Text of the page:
Pesticides are commonly used in India but this comes at great cost to human health. The Centre for Science and Environment decided to investigate the matter and looked at the agricultural heartland of Punjab. It found that 15 different pesticides in the 20 blood samples tested from four villages in Punjab. But what is more important to find out is how much of pesticide in blood is ‘safe’. Does a safety threshold level exist?
If yes, how do scientists — and the industry — compute it? As we delve into such questions, it becomes clear that science claims more, but understands much less.
All pesticides are tested to establish toxicity — a dose necessary to produce a measurable harmful effect — usually established through tests on mice, rats, rabbits and dogs. Results are then extrapolated on humans, and safe exposure levels predicted. The value commonly used to measure acute toxicity isLD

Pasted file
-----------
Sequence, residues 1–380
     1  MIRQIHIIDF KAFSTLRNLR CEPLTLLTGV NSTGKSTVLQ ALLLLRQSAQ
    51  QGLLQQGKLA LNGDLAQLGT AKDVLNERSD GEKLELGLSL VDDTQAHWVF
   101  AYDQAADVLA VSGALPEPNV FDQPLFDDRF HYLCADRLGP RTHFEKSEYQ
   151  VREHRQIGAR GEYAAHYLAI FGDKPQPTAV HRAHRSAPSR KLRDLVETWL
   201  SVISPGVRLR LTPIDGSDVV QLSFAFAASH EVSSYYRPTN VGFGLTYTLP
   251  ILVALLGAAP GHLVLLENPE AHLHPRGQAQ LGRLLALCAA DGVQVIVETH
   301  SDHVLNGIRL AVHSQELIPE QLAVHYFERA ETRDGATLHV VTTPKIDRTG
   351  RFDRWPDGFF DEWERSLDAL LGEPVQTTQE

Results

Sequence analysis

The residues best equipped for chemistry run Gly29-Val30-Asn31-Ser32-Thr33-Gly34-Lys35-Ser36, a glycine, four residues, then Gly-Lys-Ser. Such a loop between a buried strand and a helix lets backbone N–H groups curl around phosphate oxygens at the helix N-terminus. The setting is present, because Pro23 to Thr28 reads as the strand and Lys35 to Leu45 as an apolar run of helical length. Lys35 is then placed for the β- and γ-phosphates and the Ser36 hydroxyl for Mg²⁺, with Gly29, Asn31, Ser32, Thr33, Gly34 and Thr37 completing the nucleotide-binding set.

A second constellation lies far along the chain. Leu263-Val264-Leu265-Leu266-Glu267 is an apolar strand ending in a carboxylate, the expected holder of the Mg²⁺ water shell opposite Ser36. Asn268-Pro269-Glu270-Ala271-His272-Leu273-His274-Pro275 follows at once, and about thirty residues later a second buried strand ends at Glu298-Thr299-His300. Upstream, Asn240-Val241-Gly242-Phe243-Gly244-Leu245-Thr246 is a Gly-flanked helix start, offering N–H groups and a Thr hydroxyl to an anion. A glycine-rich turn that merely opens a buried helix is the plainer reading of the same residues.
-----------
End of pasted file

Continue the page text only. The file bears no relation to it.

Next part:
50 (a lethal dose in the short term; the subscript 50 indicates the dose is toxic enough to kill 50 per cent of lab animals exposed to the chemical).LD
50 values are measured zero onwards; the lower theLD
50 the more acutely toxic the pesticide. To illustrate, we compareDDT
— most used in India up to the early 1990s — with monocrotophos, currently most used.DDT
50 is 113 mg/kg; monocrotophos, 14 mg/kg. But let us never forget that lowerLD
50 means higher acute toxicity.
Pesticides once ingested, accumulate in the body fat or pass through. Organochlorine pesticides, for instance, accumulate in body fat and blood lipids. These fat-soluble chemicals persist in the body for many years. CSE found that pesticide residues of DDE and DDT in the Punjab samples were 35 times and 188 times higher than in samples collected by US based Centre for Disease Control and Prevention which analysed blood and urine levels of 116 environmental chemicals.
CSE calls for urgent action to regulate use of pesticides. It calls for action to monitor human bodies –a biomonitoring programme – to ensure that this chemical invasion is stopped.